Film and TV composer Debbie Wiseman is one of the 12 composers chosen to write music for the Coronation of King Charles. Here's all you need to know about the life and work of this acclaimed composer.


Who is Debbie Wiseman?

Debbie Wiseman OBE is a British composer for film and television, known also as a conductor and a radio and television presenter. Her many film and TV composing credits include Wilde, Tom's Midnight Garden, Wolf Hall, Judge John Deed and The Inspector Lynley Mysteries.

She is also one of the composers who have been asked to write music for the Coronation of King Charles.

Read more of our Coronation composers series:

How old is Debbie Wiseman?

Debbie Wiseman was born on 10 May 1963 in London.

Where did she study?

Wiseman studied at Trinity College of Music Junior Department, and she later studied piano and composition at the Guildhall School of Music and Drama under tutors James Gibb and Buxton Orr.

Composer Debbie Wiseman and Prince Charles
Debbie Wiseman receives an honorary Fellowship award from Prince Charles during his visit to the Royal College of Music in London on March 3, 2020. Pic: Getty

What films has Debbie Wiseman composed for?

Debbie Wiseman's film scoring credits include the music for 1994's Tom and Viv, which was nominated for two Academy Awards. She also wrote the music for the 1997 film Wilde, all about the poet and playwright Oscar Wilde, which was nominated for Best Original Film Score at that year's Ivor Novello Awards.

Other film composing credits include Tom's Midnight Garden, The Guilty, Before You Go, and Arsène Lupin, which won Best Score for a Foreign language film and was nominated for Score of the Year at 2005's Movie Music UK Awards.

She's also scored music for horror (Flood, nominated for Best Score for a Horror/Thriller at the International Film Music Critics Association Awards, 2007) and comedy (Lesbian Vampire Killers, nominated for Best Score for a Comedy, IFMCA Awards, 2009).

What TV programmes has she written music for?

Wiseman has written music for a host of acclaimed TV programmes. These include Wolf Hall (2015) and The Promise (nominated for Best Drama Serial, BAFTA Awards, 2011). She's also penned the music for detective and crime dramas including Father Brown, Judge John Deed and The Inspector Lynley Mysteries.

Debbie has also carved out a successful career scoring TV travel programmes including Joanna Lumley's Nile, Stephen Fry in America and Michael Palin's New Europe.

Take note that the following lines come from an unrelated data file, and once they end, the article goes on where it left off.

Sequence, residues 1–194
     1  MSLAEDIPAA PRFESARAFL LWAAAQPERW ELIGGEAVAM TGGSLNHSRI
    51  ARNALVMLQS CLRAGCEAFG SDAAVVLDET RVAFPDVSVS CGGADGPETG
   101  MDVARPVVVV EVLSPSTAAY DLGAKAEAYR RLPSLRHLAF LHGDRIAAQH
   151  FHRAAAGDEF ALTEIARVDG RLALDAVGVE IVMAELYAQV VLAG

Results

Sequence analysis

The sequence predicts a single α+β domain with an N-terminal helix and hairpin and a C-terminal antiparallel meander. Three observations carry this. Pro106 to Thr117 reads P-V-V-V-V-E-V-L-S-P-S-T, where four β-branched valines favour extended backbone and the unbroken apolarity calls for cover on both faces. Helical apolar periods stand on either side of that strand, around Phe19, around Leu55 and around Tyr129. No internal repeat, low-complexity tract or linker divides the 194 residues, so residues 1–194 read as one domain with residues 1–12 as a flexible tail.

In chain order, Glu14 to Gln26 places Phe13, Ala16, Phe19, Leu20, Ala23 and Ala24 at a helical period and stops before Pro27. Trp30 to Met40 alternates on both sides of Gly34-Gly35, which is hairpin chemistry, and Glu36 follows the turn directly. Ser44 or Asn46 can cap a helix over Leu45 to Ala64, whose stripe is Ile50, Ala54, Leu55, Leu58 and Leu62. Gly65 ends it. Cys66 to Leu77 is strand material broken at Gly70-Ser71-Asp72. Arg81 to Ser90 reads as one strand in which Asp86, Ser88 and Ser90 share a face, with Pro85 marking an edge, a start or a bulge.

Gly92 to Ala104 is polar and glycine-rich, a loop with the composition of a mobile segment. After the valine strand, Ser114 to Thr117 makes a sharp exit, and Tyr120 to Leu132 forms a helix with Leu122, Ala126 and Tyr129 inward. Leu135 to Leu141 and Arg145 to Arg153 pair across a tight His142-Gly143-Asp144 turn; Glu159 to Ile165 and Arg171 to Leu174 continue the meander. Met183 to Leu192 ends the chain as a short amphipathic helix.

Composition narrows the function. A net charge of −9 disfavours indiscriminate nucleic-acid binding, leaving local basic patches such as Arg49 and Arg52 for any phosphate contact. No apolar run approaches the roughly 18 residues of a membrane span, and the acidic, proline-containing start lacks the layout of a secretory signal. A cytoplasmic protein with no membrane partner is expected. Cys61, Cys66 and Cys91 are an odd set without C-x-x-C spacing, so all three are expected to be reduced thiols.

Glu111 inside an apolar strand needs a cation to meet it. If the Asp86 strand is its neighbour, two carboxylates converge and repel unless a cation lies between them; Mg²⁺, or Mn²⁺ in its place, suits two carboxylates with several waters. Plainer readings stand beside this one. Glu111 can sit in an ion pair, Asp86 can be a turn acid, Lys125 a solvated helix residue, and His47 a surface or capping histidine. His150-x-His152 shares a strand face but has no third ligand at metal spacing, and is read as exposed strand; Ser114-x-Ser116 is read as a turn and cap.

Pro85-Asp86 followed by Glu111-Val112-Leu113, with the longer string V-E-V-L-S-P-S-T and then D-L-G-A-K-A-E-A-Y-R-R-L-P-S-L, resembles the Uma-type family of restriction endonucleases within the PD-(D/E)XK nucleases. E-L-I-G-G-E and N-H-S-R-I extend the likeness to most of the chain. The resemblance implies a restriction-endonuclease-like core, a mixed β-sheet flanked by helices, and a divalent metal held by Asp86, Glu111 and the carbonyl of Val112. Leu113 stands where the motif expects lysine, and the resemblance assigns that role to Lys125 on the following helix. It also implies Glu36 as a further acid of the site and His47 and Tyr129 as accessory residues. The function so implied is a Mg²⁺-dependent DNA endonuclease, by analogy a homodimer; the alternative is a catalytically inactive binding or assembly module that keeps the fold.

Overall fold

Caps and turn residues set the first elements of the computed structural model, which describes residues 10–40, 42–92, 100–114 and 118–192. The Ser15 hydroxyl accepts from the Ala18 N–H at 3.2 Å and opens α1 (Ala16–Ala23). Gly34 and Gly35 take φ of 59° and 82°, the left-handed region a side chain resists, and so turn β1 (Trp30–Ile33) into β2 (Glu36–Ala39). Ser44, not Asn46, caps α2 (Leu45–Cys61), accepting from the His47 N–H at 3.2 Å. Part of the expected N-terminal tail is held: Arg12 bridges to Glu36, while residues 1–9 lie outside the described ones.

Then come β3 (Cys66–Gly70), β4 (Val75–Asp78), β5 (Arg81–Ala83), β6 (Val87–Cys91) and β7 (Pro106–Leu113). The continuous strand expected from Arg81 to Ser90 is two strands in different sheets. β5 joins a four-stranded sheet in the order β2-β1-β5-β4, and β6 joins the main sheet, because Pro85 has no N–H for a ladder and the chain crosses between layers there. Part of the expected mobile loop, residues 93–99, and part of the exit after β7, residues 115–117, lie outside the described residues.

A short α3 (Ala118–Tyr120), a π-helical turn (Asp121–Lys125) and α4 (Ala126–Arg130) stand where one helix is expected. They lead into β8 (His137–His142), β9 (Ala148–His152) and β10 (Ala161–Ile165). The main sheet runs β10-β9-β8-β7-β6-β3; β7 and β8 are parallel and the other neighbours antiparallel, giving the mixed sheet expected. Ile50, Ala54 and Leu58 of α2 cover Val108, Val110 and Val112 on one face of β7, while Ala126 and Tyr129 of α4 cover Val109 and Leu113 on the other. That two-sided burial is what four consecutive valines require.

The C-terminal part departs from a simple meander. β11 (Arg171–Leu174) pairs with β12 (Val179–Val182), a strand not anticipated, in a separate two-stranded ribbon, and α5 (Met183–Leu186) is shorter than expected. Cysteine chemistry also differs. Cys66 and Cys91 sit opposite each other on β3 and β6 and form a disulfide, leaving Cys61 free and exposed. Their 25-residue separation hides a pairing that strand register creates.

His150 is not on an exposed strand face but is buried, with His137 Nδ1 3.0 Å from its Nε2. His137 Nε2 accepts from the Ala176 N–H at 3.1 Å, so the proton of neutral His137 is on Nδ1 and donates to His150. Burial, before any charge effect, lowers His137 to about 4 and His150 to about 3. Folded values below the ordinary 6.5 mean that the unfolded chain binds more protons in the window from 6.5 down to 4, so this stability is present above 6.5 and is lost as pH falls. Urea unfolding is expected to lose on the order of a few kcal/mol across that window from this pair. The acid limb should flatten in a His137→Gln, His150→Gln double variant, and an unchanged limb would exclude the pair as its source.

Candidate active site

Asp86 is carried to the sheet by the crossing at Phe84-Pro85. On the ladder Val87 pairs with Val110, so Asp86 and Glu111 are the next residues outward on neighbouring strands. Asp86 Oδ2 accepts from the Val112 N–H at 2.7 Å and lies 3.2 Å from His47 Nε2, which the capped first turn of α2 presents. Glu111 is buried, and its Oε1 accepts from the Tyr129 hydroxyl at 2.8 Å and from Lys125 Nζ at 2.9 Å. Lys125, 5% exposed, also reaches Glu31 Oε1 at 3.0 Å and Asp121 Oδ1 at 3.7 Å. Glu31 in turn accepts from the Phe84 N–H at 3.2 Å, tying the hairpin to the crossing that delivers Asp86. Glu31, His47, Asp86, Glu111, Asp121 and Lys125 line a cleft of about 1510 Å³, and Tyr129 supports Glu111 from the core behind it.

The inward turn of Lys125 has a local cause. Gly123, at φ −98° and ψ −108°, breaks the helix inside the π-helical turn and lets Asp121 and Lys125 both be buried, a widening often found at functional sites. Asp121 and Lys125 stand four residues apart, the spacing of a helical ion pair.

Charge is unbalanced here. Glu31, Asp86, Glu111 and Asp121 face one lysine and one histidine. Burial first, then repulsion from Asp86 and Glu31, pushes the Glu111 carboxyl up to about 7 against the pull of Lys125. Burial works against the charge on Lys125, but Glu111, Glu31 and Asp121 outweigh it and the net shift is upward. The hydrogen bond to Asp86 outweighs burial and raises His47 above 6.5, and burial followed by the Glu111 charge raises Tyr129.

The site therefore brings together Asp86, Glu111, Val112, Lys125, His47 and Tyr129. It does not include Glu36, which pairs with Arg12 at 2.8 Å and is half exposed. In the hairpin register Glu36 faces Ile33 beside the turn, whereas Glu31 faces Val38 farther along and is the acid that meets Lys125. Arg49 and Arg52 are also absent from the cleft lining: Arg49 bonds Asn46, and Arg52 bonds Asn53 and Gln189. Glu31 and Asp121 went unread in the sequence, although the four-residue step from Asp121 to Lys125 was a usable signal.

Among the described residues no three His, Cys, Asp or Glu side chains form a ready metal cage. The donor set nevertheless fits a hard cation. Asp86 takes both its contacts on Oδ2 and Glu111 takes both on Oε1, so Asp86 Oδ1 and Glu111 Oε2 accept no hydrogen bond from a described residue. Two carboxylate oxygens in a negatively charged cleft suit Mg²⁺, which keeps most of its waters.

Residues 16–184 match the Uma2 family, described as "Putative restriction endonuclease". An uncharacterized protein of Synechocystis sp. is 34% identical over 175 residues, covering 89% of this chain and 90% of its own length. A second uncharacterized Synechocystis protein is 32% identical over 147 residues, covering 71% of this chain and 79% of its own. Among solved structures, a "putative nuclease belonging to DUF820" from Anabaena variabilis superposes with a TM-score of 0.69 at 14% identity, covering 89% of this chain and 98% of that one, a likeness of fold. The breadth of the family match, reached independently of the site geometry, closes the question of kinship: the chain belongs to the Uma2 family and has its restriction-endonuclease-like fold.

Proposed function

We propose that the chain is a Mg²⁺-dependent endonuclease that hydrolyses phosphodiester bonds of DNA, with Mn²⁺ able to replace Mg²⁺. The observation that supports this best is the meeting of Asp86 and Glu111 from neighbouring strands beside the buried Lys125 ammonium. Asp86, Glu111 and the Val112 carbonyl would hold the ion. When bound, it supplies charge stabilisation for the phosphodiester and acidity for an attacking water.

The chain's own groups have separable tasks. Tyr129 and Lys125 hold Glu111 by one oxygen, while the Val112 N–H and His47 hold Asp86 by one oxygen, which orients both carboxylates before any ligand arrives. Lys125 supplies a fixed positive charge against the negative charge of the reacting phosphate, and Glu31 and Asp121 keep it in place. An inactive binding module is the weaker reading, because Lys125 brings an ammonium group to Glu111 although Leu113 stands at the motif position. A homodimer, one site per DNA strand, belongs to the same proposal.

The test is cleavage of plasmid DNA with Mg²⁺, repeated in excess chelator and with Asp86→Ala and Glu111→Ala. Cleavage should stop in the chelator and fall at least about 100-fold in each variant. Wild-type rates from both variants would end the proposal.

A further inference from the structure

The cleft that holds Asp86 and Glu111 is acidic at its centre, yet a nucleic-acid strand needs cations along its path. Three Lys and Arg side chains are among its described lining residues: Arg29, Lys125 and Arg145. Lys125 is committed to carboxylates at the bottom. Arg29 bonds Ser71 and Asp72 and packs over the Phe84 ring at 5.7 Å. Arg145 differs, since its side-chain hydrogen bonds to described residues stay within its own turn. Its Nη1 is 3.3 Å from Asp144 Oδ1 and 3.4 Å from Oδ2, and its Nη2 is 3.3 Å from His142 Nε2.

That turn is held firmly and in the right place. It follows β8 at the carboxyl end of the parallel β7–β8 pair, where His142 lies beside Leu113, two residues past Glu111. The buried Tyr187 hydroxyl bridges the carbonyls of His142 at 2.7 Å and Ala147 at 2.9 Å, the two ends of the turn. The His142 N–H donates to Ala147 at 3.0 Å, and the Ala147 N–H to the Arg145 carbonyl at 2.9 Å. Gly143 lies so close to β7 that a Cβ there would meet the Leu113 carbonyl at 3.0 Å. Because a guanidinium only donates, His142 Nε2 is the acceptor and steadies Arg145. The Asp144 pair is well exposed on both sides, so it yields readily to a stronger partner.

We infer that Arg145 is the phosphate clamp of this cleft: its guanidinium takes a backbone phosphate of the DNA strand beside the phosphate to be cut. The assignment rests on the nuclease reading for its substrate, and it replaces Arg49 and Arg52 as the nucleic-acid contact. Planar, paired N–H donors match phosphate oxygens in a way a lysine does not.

Last but not least, did you know that Debbie Wiseman composed 'Current Affairs', the theme music for The Andrew Marr Show?

What has Debbie Wiseman written for the Coronation?

Debbie Wiseman has composed a two-part piece, ‘Alleluia (O Clap your Hands)’ and ‘Alleluia (O Sing Praises)’, for the Coronation. ‘O Clap Your Hands’ will be sung by the expanded Westminster Abbey Choir, while ‘O Sing Praises’ will be performed by The Ascension Choir, the first gospel choir to sing at a Coronation.

Did Debbie Wiseman write 'Elizabeth Remembered'?

Debbie Wiseman was commissioned to write a piece of music for the official coverage of the passing of Her Majesty Queen Elizabeth II. The piece, entitled 'Elizabeth Remembered', proved very popular with viewers. Performed by the BBC Concert Orchestra with Debbie conducting, it was released as a single by Silva Screen Records, with all proceeds going to The Queen’s Commonwealth Trust.

Has Debbie Wiseman written music for the Royal Family before?

Yes. She also wrote music for Her Late Majesty’s Diamond and Platinum Jubilees, as well as her 90th Birthday Celebrations at Windsor Castle.


When was Debbie Wiseman made an OBE?

Debbie was appointed Member of the Order of the British Empire (MBE) in Queen Elizabeth II's 2004 New Year Honours, for her services to the film industry. She was then made Officer of the Order of the British Empire (OBE) in the 2018 Birthday Honours.


Steve Wright
Steve WrightMulti-Platform Content Producer, BBC Music Magazine

Steve has been an avid listener of classical music since childhood, and now contributes a variety of features to BBC Music’s magazine and website. He started writing about music as Arts Editor of an Oxford University student newspaper and has continued ever since, serving as Arts Editor on various magazines.